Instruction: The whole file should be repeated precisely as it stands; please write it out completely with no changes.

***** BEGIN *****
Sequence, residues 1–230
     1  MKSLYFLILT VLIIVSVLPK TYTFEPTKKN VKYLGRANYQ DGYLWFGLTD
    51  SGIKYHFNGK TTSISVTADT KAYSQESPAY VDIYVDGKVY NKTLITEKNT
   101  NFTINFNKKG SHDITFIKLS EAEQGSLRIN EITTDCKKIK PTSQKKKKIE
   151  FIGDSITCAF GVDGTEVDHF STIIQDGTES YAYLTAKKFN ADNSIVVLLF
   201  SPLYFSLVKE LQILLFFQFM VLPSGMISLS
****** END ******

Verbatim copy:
Sequence, residues 1–230
     1  MKSLYFLILT VLIIVSVLPK TYTFEPTKKN VKYLGRANYQ DGYLWFGLTD
    51  SGIKYHFNGK TTSISVTADT KAYSQESPAY VDIYVDGKVY NKTLITEKNT
   101  NFTINFNKKG SHDITFIKLS EAEQGSLRIN EITTDCKKIK PTSQKKKKIE
   151  FIGDSITCAF GVDGTEVDHF STIIQDGTES YAYLTAKKFN ADNSIVVLLF
   201  SPLYFSLVKE LQILLFFQFM VLPSGMISLS